Ford is the latest automaker to get permission to test driverless vehicles on public roads in California, and the company's fully autonomous Fusion Hybrid will hit the streets there in 2016. The Blue Oval's recently opened Silicon Valley research center will be the hotbed for the development of this cutting-edge technology.

The experimentation in California will be key to Ford's 10-year development program for autonomous tech. The company has been using the Silicon Valley lab to further these innovations with work like refining the way sensors detect and track objects. The engineers there have also worked to improve safety through camera-based pedestrian detection.

Since unveiling the autonomous Fusion Hybrid in late 2013, Ford has put a serious emphasis on developing driverless technology. The company worked with Stanford University to develop algorithms for it to predict the actions of other drivers, and the Fusion was the first vehicle to take a test drive around MCity in Ann Arbor, MI.

The California site for this new testing lets Ford keep an eye on competitors, too. Google's fleet of autonomous vehicles keep racking up the miles in the state with the occasional crash, and Audi also has a permit to test there.
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FORD TO BEGIN AUTONOMOUS VEHICLE TESTING ON CALIFORNIA ROADS; SILICON VALLEY LAB ACCELERATES SMART MOBILITY PLAN

Ford secures California autonomous vehicle driving permit to begin testing fully autonomous Ford Fusion Hybrid on public roads next year

Ford now has one of the largest automotive research centers in Silicon Valley with more than 100 engineers and scientists at its Research and Innovation Center Palo Alto.

Research lab in Palo Alto supports Ford Smart Mobility, the plan to take the company to the next level in connectivity, mobility, autonomous vehicles, the customer experience, and data and analytics

Palo alto, Calif., Dec. 16, 2015 – Fully autonomous Ford Fusion Hybrid vehicles are taking to California streets next year, as Ford Research and Innovation Center Palo Alto continues to grow.

Ford is officially enrolled in the California Autonomous Vehicle Testing Program to test autonomous vehicles on public roads. This is part of Ford's 10-year autonomous vehicle development program and a key element of Ford Smart Mobility, the plan to take the company to the next level in connectivity, mobility, autonomous vehicles, the customer experience, and data and analytics.

Ford Research and Innovation Center Palo Alto is one of the largest automotive manufacturer research centers in the region,with a team of more than 100 engineers and scientists. The new research lab opened in January, expanding Ford's presence in Silicon Valley, which dates back to 2012.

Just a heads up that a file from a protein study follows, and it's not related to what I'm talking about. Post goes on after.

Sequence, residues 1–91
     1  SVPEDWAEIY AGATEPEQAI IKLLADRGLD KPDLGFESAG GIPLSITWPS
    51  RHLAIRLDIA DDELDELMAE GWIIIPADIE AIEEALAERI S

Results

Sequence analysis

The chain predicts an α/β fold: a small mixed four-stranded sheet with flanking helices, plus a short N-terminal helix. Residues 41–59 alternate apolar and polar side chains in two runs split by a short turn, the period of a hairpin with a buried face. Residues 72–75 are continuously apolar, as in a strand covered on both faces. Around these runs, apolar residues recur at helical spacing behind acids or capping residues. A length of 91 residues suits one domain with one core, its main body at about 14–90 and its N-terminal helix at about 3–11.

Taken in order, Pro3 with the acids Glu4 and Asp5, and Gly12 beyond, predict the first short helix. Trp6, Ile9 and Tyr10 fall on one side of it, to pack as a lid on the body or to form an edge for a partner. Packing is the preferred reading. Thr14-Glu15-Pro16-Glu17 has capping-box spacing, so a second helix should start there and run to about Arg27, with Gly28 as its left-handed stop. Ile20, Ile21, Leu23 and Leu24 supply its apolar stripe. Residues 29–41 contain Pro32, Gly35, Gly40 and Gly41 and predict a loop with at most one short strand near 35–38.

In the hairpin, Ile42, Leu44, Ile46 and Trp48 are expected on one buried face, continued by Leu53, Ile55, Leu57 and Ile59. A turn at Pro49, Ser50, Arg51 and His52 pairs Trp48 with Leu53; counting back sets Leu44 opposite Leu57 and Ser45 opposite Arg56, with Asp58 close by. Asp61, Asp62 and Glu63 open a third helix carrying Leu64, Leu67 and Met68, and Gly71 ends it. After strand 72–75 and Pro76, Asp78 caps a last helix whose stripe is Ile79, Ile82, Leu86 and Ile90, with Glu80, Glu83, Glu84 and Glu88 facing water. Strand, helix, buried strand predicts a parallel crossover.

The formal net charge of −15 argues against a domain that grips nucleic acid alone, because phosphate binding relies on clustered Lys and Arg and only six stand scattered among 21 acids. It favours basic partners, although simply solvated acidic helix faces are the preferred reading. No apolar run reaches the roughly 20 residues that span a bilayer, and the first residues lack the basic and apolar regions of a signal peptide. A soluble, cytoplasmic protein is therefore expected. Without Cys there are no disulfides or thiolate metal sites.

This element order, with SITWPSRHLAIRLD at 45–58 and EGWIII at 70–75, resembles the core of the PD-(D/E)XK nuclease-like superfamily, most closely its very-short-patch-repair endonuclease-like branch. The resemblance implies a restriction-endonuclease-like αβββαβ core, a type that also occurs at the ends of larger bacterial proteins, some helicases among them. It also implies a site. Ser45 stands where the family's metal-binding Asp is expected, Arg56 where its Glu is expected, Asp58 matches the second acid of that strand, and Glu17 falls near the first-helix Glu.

Eighty per cent of the Palo Alto team joined Ford from the technology sector. The remaining 20 per cent are Ford employees from the United States, China, Germany and Australia who bring automotive engineering and design expertise.

"Our Palo Alto team has grown significantly this year, using research and innovation to explore and develop future mobility solutions," said Mark Fields, Ford president and CEO. "We're attracting top talent from around the world to join our team in Silicon Valley, including employees from local technology companies and universities who want to make people's lives better by changing the way the world moves."

Advanced experimentation

Ford has expanded its Silicon Valley facility from a 15-person office to a research and development center with over 100 staff. Research that has been conducted there this past year includes:

Autonomous vehicle virtual test drive: This study allows virtual interaction between an autonomous car and pedestrians, replicating real-world situations to better understand and develop responses

Sensor fusion: Sensors on autonomous vehicles detect and track objects in the vehicle's view, combing information together to provide a 360-degree view of the car's surroundings – including street signs, other vehicles and pedestrians

Camera-based pedestrian detection: Camera sensors serve as the eyes of a vehicle, allowing the car to "see" pedestrians

Data-driven health care: Through data collection from Ranger pickups and motorcycles fitted with OpenXC technology, Ford is working with Riders for Health to collect GPS data and mapping coordinates to make health care, vaccines and medication delivery to people throughout rural Africa more efficient and accessible

Ford has developed relationships with top universities this year, including University of California-Berkeley, Carnegie Mellon University, Santa Clara and San Jose State. The company is further expanding its strategic research collaboration with Stanford in 2016, planning 13 projects covering all five areas of Ford Smart Mobility – more than double the number of collaborations this year.

"Having a strong presence in Silicon Valley allows us to further accelerate our research on a wide range of technologies, and apply our insights to create real-world mobility solutions," said Ken Washington, Ford vice president, Research and Advanced Engineering.

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